“My son has been homeschooled since Kindergarten using Oak Meadow. He is graduating high school this year, has been admitted to the University of Wyoming with a full academic scholarship, and is starting in the Honors Program at the University. Ours has been a very positive and successful experience."
Now that December has arrived, the holiday spirit is in full gear and children and families around the globe are excitedly making their special preparations. If Santa is celebrated in your home, you might like to join the NORAD Tracks Santa countdown that begins every year on December 1st.
This particular event hosted by NORAD (the North American Aerospace Defense Command) has a wonderful story relating to how tracking Santa actually began. According to the NORAD Tracks Santa website: On Dec. 24, 1955, a call was made to the Continental Air Defense Command (CONAD) Operations Center in Colorado Springs, Colorado. However, this call was not from the president or a general. It was from a young child in Colorado Springs who was following the directions in an advertisement printed in the local paper – the youngster wanted to know the whereabouts of Santa Claus. The ad said “Hey, Kiddies! Call me direct and be sure and dial the correct number.” However, the number was printed incorrectly in the advertisement and rang into the CONAD operations center. On duty that night was Colonel Harry Shoup, who has come to be known as the “Santa Colonel.” Colonel Shoup received numerous calls that night and rather than hanging up, he had his operators find the location of Santa Claus and reported it to every child who phoned in that night. Thus began a tradition carried on by the North American Aerospace Defense Command (NORAD) when it was formed in 1958. Today, through satellite systems, high-powered radars and jet fighters, NORAD tracks Santa Claus as he makes his Yuletide journey around the world. Every year on December 24, fifteen hundred volunteers staff telephones and computers to answer calls and e-mails from children (and adults) from around the world. Live updates are provided through the NORAD Tracks Santa Website (in seven languages), over telephone lines, and by e-mail to keep curious children and their families informed about Santa’s whereabouts and if it’s time to get to bed.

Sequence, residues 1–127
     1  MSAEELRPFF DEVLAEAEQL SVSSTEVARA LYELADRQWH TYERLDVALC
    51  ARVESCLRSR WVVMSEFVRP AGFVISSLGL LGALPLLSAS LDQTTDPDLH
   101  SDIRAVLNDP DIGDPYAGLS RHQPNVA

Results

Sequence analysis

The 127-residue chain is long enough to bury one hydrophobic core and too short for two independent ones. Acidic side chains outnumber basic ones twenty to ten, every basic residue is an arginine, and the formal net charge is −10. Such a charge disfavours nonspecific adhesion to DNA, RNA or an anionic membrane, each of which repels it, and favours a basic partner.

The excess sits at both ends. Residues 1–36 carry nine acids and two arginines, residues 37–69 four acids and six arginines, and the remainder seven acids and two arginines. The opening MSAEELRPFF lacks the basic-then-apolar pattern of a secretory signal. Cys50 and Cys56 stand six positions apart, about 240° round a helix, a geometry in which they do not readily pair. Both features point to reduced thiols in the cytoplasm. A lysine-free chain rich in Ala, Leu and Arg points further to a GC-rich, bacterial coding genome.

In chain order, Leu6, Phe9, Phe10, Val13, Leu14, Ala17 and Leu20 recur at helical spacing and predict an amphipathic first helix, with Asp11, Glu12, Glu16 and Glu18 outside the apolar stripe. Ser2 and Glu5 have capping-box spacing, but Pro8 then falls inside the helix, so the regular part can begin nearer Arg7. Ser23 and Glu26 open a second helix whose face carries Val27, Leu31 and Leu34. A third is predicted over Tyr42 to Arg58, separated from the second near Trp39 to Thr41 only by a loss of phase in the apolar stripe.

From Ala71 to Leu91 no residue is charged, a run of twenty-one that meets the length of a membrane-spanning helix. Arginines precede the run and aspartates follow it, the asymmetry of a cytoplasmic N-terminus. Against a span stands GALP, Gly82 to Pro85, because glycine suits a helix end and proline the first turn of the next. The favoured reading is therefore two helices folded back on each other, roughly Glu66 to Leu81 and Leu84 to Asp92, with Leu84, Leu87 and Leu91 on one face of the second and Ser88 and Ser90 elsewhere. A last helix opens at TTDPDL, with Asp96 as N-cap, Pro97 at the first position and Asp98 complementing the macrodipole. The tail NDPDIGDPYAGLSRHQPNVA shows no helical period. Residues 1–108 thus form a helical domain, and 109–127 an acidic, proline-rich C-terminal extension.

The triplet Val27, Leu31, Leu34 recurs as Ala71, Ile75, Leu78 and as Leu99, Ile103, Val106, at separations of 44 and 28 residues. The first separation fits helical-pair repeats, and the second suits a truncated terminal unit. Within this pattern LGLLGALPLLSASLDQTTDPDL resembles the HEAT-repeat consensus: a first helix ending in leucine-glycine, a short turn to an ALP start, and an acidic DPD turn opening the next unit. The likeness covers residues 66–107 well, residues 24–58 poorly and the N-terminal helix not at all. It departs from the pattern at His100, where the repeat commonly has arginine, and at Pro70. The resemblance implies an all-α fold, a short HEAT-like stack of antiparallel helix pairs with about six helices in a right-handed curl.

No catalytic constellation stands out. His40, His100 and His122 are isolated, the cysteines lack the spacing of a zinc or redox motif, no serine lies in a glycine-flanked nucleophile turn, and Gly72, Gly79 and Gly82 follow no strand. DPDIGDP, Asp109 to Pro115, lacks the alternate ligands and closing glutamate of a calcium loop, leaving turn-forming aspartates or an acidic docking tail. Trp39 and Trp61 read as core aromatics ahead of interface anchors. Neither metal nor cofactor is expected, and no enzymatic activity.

If you visit Santa’s Village, you will discover there is even more than just the tracking of Santa on Christmas Eve. In Santa’s village, there is a Theater to watch movies, an Arcade to play a new game every day, a Music Stage for listening to Santa’s favorite holiday songs, and a Library to learn about Santa, his magic sleigh, and holiday traditions. There is even a gift shop you can visit!
For the past 62 years, NORAD Tracks Santa has provided a magical delight to families all over the world. If you are a Santa “believer”, then you just might like to join in these annual festivities!
One of my favorite traditions during this time of year is watching the annual production of “The Nutcracker Ballet”. This grand holiday tradition dazzles and delights the audience with spectacular choreographed dancing, beautiful costumes, glorious scenery, and pyrotechnical magic as the brilliance of Tchaikovsky’s symphonic music is brought to life. “The Nutcracker” production is a very special performance for me, as it always brings back warm and wonderful memories of a magical family event during my children’s early home schooling years.
If taking your children to see “The Nutcracker Ballet” is a part of your holiday plans, then I highly recommend filling your home with the amazing orchestral soundtrack before you attend the performance. Since the performance is “told” in the form of music and dance, I also recommend reading aloud the story so your children can better understand the storyline during the performance. There are many books written about the Nutcracker and the Mouse King. One of my favorites is the original tale of Nutcracker, written by E.T.A. Hoffmann (in 1816), translated by Ralph Manheim, and illustrated by Maurice Sendak.
If you are also interested in sharing a little history of this special ballet with your children, then I recommend the book, The Nutcracker Comes to America: How Three Ballet-loving Brothers Created a Holiday Tradition, written by Chris Barton and illustrated by Cathy Gendron.
Who would ever have thought that during WW II, three small-town Utah boys interested in ballet would have started this annual holiday tradition? “The Nutcracker Ballet” has retained its freshness because it appeals to the sense of wonder in both children and adults. It is a memorable and magical event that every family should enjoy together at least once, if not every year as a family tradition.
Oak Meadow is once again hosting our own version of REI’s #optoutside movement for Black Friday and the holiday weekend. We’ve coined it Oak Meadow Opt Outside, or #OMoptoutside on social media, because we want to see your photos of family time spent in the great outdoors! Opt Outside started when REI decided to close their doors on one of the busiest shopping days of the year, Black Friday, and to pay their employees for the day, urging them to get outside and reconnect with family, friends, and the great outdoors. It’s a concept we loved and have been doing too since they started a few years ago, and we invite you to join us. Yes, we’ll have our Black Friday sale running. But we’ll also be outside running, playing tag, tossing a football, hiking, and generally enjoying the last of the good weather. When you come inside for a pumpkin pie or coffee break, browse our sale. We’re keeping it open until the end of Cyber Monday, so there’s no rush. Plenty of time to get it all in–food, family, fun, the great outdoors, AND 20% off. We’re pretty fond of the idea of embracing gratefulness by being out in nature. We hope you are too. So join us for #OMoptoutside, tag us in your photos on Instagram and Facebook, then peruse our virtual bookstore!
I’ve been thinking a lot about turkeys lately! If you are in the United States, you might be celebrating the Thanksgiving holiday on Thursday. It is a celebration of thanks commemorating the first harvest feast the Pilgrims had in 1621. Today families often gather to have a big feast of foods and that meal might include a roasted turkey. So, I’ve been thinking about turkeys.